“Pull!” he shouted, and the children pulled.

The boy began to emerge from the mud, but as his body inched out of the earth, birds rose from the bushes and the trees around them began to sway. A strange rushing noise filled the air, a noise that sounded like the night itself was whispering a warning. And yet the children kept pulling, their hearts full of bravery and the best of intentions.

“Pull!” he shouted again.

Now the ground began to shake, and the moon itself, so bright, so perfectly round, began to tremble in the sky. The children kept pulling. The boy’s knees could now be seen.

“Pull!”

It was then that the trees began to sink into the ground, their ancient, twisting trunks slipping lower and lower into the earth. Yet still the children pulled.

Finally the boy’s hands were visible, as were his calves, and around them were the fingers of the creature. Except what they had thought were fingers were in fact thick vines with tendrils protruding from their length, all firmly wrapped around the boy’s feet and hands. Roots, the boy realized. The children stared in wonder, little hands growing slack on the rope.

Then the trees began to pull back.

Again the ground and sky shook, again the air was filled with a strange whispering. But this time it wasn’t the trees that were sinking, it was the children. First the boy in the mud patch disappeared, his glossy black hair vanishing beneath the mud like an exotic plant subsumed into the soil. Then the next-strongest boy, tied to him on the rope, was drawn kicking and screaming into the earth. Then the next child, and the next. They tried to pull back but it was no use; the trees were stronger than them, of course they were.

Child after child disappeared into the ground, their wet, gurgling cries awakening the parents and drawing them out of their houses. When they saw what was happening, the parents tried to grab on to the children, but were also drawn inexorably into the earth. The trees kept pulling still; the rope of bedsheets and towels proved fatal.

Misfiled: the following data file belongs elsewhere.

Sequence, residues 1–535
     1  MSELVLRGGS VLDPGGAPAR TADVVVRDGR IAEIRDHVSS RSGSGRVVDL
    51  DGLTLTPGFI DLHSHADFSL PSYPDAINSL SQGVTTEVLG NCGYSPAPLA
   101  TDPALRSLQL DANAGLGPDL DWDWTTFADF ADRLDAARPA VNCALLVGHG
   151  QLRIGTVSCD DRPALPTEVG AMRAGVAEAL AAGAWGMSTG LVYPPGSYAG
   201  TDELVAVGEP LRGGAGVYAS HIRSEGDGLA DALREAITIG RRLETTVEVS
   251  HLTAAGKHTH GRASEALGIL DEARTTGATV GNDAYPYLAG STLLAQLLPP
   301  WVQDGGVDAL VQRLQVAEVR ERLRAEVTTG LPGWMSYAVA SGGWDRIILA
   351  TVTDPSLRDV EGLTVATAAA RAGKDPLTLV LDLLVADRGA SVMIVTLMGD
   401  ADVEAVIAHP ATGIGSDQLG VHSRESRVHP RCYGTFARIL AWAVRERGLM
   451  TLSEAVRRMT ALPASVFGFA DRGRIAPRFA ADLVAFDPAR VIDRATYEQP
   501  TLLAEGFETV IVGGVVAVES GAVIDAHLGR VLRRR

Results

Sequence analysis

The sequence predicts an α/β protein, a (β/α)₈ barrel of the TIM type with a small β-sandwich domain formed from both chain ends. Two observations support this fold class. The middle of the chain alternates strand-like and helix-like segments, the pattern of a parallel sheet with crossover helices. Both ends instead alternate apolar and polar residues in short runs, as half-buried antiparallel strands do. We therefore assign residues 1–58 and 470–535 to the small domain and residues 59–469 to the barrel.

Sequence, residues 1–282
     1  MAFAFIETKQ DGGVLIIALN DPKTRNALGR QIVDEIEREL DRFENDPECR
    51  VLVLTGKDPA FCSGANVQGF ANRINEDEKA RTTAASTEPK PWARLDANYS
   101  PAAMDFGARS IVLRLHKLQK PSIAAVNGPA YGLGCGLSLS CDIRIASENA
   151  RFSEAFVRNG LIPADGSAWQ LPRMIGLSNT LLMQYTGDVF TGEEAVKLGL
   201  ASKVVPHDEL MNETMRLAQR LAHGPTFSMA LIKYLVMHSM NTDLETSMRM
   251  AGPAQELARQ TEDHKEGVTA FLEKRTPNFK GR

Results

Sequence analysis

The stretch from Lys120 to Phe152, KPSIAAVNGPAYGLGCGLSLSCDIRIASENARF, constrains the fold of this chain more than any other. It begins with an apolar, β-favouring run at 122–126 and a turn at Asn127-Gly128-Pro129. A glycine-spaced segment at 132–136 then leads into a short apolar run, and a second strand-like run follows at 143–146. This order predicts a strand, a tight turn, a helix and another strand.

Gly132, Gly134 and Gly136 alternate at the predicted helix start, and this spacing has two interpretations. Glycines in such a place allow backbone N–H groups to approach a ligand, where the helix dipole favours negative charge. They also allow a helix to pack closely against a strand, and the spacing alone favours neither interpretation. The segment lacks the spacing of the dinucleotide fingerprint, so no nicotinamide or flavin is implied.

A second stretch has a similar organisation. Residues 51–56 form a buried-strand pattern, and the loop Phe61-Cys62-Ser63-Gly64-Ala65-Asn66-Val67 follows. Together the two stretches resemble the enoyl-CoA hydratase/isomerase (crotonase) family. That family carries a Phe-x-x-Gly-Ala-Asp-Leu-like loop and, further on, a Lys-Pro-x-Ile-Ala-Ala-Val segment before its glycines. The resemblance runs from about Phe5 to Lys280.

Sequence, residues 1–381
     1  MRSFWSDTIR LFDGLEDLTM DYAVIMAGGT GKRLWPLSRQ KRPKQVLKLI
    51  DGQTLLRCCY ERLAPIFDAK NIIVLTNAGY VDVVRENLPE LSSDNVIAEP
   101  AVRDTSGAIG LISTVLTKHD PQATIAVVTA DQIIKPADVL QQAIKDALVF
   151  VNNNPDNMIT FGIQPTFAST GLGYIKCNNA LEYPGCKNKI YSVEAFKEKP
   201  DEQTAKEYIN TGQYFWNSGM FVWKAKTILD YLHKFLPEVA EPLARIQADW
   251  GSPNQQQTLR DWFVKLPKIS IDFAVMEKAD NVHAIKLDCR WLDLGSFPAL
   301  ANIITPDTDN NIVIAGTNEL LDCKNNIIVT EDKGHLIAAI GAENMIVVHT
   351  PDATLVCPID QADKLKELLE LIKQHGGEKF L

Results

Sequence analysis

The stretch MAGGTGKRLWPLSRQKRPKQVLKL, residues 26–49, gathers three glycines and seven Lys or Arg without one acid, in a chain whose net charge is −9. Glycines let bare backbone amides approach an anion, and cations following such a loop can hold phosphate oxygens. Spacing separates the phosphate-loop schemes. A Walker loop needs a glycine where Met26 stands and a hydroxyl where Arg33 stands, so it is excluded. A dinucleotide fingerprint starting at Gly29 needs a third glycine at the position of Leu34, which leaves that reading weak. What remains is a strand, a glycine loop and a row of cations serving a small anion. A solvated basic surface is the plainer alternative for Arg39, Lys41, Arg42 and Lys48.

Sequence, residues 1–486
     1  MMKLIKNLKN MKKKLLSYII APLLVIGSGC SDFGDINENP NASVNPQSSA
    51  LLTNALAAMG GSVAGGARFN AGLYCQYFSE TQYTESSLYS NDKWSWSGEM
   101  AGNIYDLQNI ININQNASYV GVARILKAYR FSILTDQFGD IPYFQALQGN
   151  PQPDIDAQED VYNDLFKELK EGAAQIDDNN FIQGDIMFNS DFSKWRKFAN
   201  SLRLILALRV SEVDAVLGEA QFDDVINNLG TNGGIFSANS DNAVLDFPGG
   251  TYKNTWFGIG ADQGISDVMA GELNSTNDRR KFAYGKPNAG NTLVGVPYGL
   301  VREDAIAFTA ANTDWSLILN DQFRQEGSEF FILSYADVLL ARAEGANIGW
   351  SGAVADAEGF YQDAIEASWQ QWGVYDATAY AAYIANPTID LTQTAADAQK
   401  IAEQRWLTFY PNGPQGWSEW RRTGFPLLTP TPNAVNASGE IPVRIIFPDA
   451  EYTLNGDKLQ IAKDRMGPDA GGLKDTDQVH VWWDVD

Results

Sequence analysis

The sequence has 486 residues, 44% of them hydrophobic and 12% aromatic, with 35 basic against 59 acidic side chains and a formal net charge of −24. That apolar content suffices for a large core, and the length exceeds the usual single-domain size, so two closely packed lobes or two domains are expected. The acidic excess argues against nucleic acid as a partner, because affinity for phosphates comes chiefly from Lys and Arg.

Eventually the last child was sucked into the ground, and along with her, the last parent. Now the night was quiet. Only the wind in the trees and the dull crash of waves was to be heard. Until the stilts of the house to which the children had tied themselves began to creak, a high, keening noise like the cry of an injured bird. The creak ended in a snap that brought the house to its knees, pulling it, too, into the earth.

The trees didn’t stop until all the houses were gone, all the fences, all the wheelbarrows, all the clothes carefully strung out to dry earlier that day. When it was over, nothing remained to suggest that a village had ever been there at all, except for one mossy corner beneath an old tree, where, protruding from the earth, was a piece of muddy orange tape.

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Rumpus original art by Lisa Lee Herrick.

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Excerpted from Tiny Nightmares: Very Short Tales of Horror, edited by Lincoln Michel and Nadxieli Nieto. Copyright © 2020 by Rachel Heng. Reprinted by permission, courtesy of Catapult.


Rachel Heng's debut novel, Suicide Club, was published by Henry Holt (US) and Sceptre (UK) in July 2018, and will be translated in eight languages worldwide. Her work has received a Pushcart Prize Special Mention, Prairie Schooner's Jane Geske Award, and has been recommended by the Huffington Post, ELLE, The Rumpus, and NYLON. Short stories she’s written have appeared or are forthcoming in Glimmer Train, The Offing, Prairie Schooner, The Adroit Journal, the minnesota review, and elsewhere. Rachel is currently a James A. Michener Fellow at the Michener Center for Writers, UT Austin. More from this author →